"Till then I had been convinced that my friend wanted to become an artist, a painter, or an architect. In that hour there was no question of such a thing. He was concerned with something higher, which I could not yet understand ... He now spoke of a mission that he was one day to receive from our people, in order to guide them out of slavery, to the heights of freedom ... Many years were to pass before I could realize what that starry hour, separated from all earthly things, had meant to my friend."
Calmer now, amid the thunder of explosions and the noise of crumbling buildings -- the flames and ruins of the Second World War -- than then, at the top of the Freienberg, under the stars; freed from the temporary wild despair that had seized him at the news of the Russian advance west of the Oder River, Adolf Hitler beheld the future. And that future -- his own and that of National Socialism and that of Germany, which had now become, forever, the fortress of the new faith -- was nothing less than eternity; the eternity of truth, more unshakable (and more soothing) in its majesty even than that of the Milky Way.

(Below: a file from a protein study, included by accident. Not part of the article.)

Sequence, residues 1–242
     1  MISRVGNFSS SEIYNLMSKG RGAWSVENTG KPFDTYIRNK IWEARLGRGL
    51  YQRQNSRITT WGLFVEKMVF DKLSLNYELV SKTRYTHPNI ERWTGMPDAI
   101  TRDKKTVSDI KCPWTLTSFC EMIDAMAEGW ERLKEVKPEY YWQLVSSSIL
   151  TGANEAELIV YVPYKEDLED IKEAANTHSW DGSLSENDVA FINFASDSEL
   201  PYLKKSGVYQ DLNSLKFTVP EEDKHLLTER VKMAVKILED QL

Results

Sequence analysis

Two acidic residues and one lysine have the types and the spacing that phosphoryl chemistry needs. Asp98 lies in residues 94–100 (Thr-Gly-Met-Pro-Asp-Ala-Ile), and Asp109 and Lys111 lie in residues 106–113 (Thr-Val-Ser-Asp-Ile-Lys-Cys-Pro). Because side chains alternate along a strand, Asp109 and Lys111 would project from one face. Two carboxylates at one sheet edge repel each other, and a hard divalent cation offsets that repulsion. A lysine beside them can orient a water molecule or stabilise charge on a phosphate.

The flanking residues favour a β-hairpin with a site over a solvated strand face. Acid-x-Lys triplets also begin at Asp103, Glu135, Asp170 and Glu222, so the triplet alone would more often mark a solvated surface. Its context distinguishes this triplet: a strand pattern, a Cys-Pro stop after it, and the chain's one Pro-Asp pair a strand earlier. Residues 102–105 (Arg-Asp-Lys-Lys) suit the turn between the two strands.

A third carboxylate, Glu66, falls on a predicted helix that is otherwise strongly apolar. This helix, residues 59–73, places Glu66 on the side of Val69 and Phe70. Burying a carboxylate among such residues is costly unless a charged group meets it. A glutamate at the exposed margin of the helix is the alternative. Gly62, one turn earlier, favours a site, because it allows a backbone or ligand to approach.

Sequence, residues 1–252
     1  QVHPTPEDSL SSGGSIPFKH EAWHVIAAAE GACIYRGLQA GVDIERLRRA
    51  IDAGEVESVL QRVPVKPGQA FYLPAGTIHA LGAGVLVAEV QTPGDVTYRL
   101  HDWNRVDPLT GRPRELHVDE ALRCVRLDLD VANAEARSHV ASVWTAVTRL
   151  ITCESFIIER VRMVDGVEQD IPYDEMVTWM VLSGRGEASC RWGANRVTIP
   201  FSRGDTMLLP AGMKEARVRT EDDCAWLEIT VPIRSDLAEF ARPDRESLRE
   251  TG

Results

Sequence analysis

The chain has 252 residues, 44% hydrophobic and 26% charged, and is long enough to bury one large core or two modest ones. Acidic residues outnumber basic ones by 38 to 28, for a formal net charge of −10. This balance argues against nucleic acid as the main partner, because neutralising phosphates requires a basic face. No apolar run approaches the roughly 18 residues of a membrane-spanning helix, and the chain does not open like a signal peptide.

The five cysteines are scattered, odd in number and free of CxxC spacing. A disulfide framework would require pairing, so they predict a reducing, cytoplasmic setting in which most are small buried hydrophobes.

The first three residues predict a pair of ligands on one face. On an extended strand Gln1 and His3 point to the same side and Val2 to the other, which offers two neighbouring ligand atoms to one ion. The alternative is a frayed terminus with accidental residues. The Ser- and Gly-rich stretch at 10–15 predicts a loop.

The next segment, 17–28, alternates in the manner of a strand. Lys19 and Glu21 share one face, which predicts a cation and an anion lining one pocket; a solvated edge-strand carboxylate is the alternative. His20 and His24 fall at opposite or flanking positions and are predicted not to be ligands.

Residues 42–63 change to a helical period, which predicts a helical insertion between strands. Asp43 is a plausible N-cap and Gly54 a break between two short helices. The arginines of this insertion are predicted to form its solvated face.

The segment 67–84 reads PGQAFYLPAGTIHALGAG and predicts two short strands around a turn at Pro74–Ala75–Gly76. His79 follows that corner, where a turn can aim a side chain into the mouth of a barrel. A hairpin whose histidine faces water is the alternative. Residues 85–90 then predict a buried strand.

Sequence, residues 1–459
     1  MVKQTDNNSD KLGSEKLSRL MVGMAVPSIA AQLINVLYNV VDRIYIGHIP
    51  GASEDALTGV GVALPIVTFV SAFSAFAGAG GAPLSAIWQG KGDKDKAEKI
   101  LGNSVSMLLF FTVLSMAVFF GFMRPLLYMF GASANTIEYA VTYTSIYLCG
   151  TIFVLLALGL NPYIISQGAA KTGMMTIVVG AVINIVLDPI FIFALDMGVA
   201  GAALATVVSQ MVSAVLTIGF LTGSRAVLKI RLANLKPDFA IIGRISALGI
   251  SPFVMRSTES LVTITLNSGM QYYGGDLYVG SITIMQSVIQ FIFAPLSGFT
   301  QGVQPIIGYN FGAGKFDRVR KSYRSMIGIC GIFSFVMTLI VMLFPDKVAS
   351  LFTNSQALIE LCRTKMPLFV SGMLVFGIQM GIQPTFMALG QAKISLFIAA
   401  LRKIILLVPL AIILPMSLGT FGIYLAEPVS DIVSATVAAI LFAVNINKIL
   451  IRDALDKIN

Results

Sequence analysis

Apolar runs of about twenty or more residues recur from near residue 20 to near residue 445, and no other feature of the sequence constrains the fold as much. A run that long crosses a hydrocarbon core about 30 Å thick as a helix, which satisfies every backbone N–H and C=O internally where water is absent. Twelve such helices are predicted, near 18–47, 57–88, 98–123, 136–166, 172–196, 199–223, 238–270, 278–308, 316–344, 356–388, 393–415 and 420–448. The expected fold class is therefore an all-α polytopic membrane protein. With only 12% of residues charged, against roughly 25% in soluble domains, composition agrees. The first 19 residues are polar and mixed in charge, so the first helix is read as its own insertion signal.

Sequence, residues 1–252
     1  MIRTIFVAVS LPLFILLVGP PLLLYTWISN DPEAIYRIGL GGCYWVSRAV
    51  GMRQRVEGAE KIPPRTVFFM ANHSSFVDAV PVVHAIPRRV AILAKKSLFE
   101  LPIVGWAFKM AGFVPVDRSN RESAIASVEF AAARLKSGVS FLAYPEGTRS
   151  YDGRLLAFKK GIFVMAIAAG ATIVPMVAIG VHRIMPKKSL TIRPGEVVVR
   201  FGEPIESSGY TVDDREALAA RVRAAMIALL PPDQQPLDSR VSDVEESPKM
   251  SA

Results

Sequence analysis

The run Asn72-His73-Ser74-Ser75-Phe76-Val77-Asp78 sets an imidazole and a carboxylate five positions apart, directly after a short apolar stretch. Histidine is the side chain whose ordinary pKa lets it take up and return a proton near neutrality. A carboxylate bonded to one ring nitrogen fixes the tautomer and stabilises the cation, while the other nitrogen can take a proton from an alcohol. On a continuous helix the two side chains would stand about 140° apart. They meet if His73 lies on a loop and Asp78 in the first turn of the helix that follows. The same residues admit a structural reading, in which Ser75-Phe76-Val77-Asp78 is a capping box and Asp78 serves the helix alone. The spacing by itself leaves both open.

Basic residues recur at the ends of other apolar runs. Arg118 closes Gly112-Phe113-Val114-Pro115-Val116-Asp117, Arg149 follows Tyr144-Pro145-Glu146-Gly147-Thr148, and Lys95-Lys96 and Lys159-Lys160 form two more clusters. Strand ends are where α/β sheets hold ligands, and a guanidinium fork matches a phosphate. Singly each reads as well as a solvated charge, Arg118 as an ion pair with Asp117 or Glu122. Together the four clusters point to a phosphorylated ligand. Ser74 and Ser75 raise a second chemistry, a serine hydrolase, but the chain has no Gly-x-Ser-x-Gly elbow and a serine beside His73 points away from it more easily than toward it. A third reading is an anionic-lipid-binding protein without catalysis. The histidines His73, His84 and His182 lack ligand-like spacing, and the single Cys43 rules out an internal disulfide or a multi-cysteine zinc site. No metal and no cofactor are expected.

The Russians could come, and their "gallant Allies" from the West could meet them and rejoice with them upon the ashes of the Third Reich (as Winston Churchill and his daughter Sarah, who were actually to be seen a few days later giggling with Russian officers before the skeleton of the Reichstag); Berlin could be wiped out -- or bolshevized -- and Germany, cut in two or in four, could, for years and years, suffer such an ordeal as no nation in history had yet suffered. In spite of all, National Socialism, the modern expression of cosmic truth, would endure and conquer.